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Flurries could bring 15 to 25 cm to some parts of the region

Snow squalls expected to begin this afternoon
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WEATHER AlERTS
ENVIRONMENT CANADA
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Snow squall warning in effect for:
    •    Searchmont - Montreal River Harbour - Batchawana Bay
    •    Espanola - Killarney
    •    Manitoulin Island

Lake effect snow squalls this afternoon into tonight.

Lake effect flurries and local snow squalls are forecast to begin this afternoon and are expected to continue into Thursday morning. Local snowfall amounts near 15 cm will be possible along with reduced visibility in heavy snow at times.

Snow squalls cause weather conditions to vary considerably; changes from clear skies to heavy snow within just a few kilometres are common. Prepare for quickly changing and deteriorating travel conditions.

Please continue to monitor alerts and forecasts issued by Environment Canada. To report severe weather, send an email to ONstorm@canada.ca or tweet reports using #ONStorm.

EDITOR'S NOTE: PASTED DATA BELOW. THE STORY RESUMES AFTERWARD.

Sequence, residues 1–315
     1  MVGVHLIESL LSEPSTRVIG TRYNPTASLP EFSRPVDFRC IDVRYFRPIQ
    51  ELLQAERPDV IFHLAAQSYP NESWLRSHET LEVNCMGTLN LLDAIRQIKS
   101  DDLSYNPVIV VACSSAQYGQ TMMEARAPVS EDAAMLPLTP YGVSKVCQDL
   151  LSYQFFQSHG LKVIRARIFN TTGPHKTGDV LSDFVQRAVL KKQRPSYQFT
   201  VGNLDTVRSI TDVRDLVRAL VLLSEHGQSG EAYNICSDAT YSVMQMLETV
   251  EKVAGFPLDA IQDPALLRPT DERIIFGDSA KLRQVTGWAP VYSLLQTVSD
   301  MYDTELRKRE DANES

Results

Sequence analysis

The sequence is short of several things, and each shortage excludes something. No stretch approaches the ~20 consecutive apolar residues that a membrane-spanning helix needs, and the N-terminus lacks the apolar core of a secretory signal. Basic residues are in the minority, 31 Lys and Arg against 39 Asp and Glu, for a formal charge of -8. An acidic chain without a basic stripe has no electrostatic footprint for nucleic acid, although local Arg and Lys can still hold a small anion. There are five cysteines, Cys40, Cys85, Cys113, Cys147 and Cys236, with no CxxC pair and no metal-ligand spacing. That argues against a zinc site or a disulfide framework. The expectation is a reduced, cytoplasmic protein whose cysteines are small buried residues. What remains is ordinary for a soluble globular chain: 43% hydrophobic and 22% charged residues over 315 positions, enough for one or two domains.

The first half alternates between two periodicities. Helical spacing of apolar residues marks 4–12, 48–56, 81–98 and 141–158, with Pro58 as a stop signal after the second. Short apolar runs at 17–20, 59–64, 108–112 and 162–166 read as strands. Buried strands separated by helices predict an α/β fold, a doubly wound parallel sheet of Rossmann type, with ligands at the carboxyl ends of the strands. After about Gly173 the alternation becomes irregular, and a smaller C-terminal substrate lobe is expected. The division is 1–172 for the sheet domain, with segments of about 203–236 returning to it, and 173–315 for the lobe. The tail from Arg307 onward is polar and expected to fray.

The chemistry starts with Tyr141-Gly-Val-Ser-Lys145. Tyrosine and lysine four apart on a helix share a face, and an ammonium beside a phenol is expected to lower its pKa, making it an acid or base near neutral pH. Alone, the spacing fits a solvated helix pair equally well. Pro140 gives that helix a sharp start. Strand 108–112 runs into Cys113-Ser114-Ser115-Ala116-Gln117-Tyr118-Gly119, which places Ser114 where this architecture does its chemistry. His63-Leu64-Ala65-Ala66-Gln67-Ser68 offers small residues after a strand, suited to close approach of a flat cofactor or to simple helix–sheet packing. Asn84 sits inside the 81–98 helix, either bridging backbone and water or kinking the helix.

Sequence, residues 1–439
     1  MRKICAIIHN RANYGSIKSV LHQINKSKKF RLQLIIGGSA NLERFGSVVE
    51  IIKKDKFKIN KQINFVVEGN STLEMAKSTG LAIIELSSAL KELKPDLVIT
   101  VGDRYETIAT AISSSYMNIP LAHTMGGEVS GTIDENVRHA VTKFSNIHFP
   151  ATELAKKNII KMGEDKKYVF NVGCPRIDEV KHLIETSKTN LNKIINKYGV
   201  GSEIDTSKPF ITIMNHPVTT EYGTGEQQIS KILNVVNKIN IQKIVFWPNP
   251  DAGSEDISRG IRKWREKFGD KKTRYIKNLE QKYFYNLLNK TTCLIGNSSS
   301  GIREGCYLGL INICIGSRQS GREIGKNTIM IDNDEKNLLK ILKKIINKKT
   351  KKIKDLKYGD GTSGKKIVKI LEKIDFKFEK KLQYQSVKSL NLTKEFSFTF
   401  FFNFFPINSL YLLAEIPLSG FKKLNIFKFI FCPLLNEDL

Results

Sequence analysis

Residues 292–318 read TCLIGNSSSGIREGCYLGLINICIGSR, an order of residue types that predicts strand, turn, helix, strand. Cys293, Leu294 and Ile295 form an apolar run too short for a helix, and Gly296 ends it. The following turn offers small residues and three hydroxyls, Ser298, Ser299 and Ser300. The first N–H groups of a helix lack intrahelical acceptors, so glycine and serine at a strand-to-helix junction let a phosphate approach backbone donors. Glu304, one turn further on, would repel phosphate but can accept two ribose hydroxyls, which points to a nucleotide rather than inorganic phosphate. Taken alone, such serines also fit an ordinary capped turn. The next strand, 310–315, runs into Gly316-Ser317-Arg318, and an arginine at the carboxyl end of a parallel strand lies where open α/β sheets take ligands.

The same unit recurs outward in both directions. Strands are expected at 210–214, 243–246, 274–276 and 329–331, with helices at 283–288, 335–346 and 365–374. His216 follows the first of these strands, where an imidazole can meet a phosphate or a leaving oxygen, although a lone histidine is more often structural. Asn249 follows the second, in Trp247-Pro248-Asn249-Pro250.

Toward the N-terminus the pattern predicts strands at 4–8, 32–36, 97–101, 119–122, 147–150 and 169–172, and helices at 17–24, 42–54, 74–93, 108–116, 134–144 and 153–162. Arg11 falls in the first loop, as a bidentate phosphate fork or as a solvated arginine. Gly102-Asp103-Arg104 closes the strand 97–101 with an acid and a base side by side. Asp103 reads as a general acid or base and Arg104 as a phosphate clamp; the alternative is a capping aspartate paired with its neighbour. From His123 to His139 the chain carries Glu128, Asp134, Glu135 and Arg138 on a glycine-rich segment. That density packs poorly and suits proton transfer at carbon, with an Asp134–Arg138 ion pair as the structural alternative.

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Snow squall warning in effect for:
    •    Agawa - Lake Superior Park
    •    Wawa - Pukaskwa Park
    •    White River - Dubreuilville
    •    Elliot Lake - Ranger Lake

Lake effect snow squalls today.

Southerly winds over the relatively warm waters of Lake Superior are expected to produce flurries and local snow squalls which will continue through tonight.

Local snowfall amounts of 10 to 15 cm are possible today, however areas closer to Lake Superior could see locally higher amounts of 15 to 25 cm. Additional amounts of 5 to 15 cm are possible tonight into Thursday morning.

Local blowing snow reducing visibilities will also be a concern.

The local snow squalls are forecast to taper off when the winds shift to the northwest on Thursday.

Snow squalls cause weather conditions to vary considerably; changes from clear skies to heavy snow within just a few kilometres are common. Prepare for quickly changing and deteriorating travel conditions.

Please continue to monitor alerts and forecasts issued by Environment Canada. To report severe weather, send an email to ONstorm@canada.ca or tweet reports using #ONStorm.

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